Aeonium Tabuliforme is another beautiful plant from the Aeonium family. Its unique appearance, more about which we shall discuss below, has given it the following colloquial names:
- Flat Topped Aeonium
- Dinner Plate Plant
- Saucer Plant
- Dinner Plate Aeonium
The following is all you need to know about it.
Aeonium tabuliforme is a plant with an attractive appearance that originated in the Canary Islands. Like many other Aeonium plants, it has tiny leaves that form rosettes. Each of these plants has one compact rosette, but unlike most others, the rosette is almost flat, with leaves overlapping neatly. The word ‘tabuliforme’ for its status means table-shaped or flat in Latin since this shape is the plant’s most distinguishing feature.
Aeonium Tabuliforme is short; its height doesn’t go beyond five centimeters. After reaching this maximum height, the circular table begins to form. The circle can grow to up to 18 inches (45 cm) in diameter.
Its leaves are lush, with no variegation, and pretty fleshy. The most extended leaves in the rosette can grow to six inches long (15 cm) and a width of 1.6 inches (4 cm). The tabuliforme produces flowers after four years.
The flowers are yellow, and they can grow to 40 cm or 60 cm high. The plant is monocanopic, which means that it flowers once and dies. With this in mind, you should plant your propagation schedule accordingly to ensure you have daughter plants that will survive after the mother’s demise.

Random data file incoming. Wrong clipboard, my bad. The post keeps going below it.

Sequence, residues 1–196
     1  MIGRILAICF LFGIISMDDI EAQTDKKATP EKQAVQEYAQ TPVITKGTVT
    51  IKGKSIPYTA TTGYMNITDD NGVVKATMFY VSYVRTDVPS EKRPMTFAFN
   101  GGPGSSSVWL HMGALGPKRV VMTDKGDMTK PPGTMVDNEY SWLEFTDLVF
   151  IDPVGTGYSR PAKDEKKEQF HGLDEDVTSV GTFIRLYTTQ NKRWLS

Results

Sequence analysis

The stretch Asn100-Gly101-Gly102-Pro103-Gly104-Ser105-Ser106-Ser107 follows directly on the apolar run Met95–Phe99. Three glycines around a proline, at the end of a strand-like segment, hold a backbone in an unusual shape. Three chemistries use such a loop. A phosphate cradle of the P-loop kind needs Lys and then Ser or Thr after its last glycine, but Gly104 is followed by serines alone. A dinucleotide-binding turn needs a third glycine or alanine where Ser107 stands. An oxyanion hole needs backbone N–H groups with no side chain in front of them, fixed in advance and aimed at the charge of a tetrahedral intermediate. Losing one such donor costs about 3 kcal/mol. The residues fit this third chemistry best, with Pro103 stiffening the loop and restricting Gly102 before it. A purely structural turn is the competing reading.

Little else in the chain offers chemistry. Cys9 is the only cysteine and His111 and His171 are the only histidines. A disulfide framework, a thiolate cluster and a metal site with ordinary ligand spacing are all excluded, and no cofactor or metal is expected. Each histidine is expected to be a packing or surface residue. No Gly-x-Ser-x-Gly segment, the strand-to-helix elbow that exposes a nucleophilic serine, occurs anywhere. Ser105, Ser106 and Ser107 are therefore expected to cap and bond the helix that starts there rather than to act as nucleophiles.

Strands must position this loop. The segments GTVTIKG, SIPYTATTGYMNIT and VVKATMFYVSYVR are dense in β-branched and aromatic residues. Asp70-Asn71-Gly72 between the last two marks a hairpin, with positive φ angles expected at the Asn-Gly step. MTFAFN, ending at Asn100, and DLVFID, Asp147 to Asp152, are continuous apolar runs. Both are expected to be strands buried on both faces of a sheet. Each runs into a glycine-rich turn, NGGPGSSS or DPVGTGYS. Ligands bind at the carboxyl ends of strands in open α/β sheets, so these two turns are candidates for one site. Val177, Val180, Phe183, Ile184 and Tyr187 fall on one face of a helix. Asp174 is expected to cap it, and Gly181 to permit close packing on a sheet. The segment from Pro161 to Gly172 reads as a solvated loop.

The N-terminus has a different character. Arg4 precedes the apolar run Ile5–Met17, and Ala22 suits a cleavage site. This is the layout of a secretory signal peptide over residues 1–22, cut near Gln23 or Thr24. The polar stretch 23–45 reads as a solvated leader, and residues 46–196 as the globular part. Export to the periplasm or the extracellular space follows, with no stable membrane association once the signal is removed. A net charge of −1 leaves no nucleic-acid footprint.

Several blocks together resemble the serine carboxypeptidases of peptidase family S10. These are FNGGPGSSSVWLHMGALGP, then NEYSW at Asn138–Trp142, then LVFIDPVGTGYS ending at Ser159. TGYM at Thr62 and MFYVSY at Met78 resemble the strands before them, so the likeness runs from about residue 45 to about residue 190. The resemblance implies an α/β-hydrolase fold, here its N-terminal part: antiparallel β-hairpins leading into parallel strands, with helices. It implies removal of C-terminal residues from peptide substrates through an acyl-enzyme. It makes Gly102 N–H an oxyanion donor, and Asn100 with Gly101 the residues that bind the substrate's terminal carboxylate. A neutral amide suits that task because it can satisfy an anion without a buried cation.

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How To Propagate Aeonium Tabuliforme
There are three propagation methods for Aeonium tabuliforme; leaf cuttings, offsets, and seeds. The following is how you propagate each.
Propagation by Leaf Cuttings
Follow the following steps.
- Cut a healthy, mature leaf from the plant. The best leaves for propagation are always the ones on the lower side of the plant. Make sure they aren’t dried up with age, as some of the leaves in the rosette are wont to do from time to time.
- Allow the leaf to be calloused under a shade for about three or four days.
- Put the leaf-cutting in the potting soil. The soil should be suitable for the growth of Aeonium according to the characteristics we shall discuss later.
- Keep the soil moist but not too wet, as this is the ideal watering condition for the plant.
Please note that this succulent can take some time to root. Be patient; you might have to take care of it for up to a month before rooting occurs.
Propagation by Offsets
Aeonium Tabuliforme, like most other plants in this genus, produces offsets as an evolutionary way of keeping the plant alive after the mother’s short life. Balances form when the mother plant sends roots out into the soil, and other plants develop from the edges of these roots.
You can let the offset grow into an independent plant in the same pot with enough space or move it into a different pot for a new plant. If the mother plant is near its life cycle, you can leave the offset in the pot as a standby replacement.
If you want to move the offset, allow it to grow until it takes the plant form. It is advisable to transplant it just before the table begins to form. Put the baby plant in a pot of moist, well-drained soil and allow it to grow. An offset root is faster than a leaf, and it becomes a plant more quickly since it is already relatively well-formed.
Propagation by Seeds
Buy certified seeds for these succulents. Certified sources assure you more excellent production than any seeds you might produce at home unless you are an expert. Plant the seeds one inch deep in a pot or bed and water gently from time to time. The seeds can take up to a month to germinate, after which little rosettes will start emerging.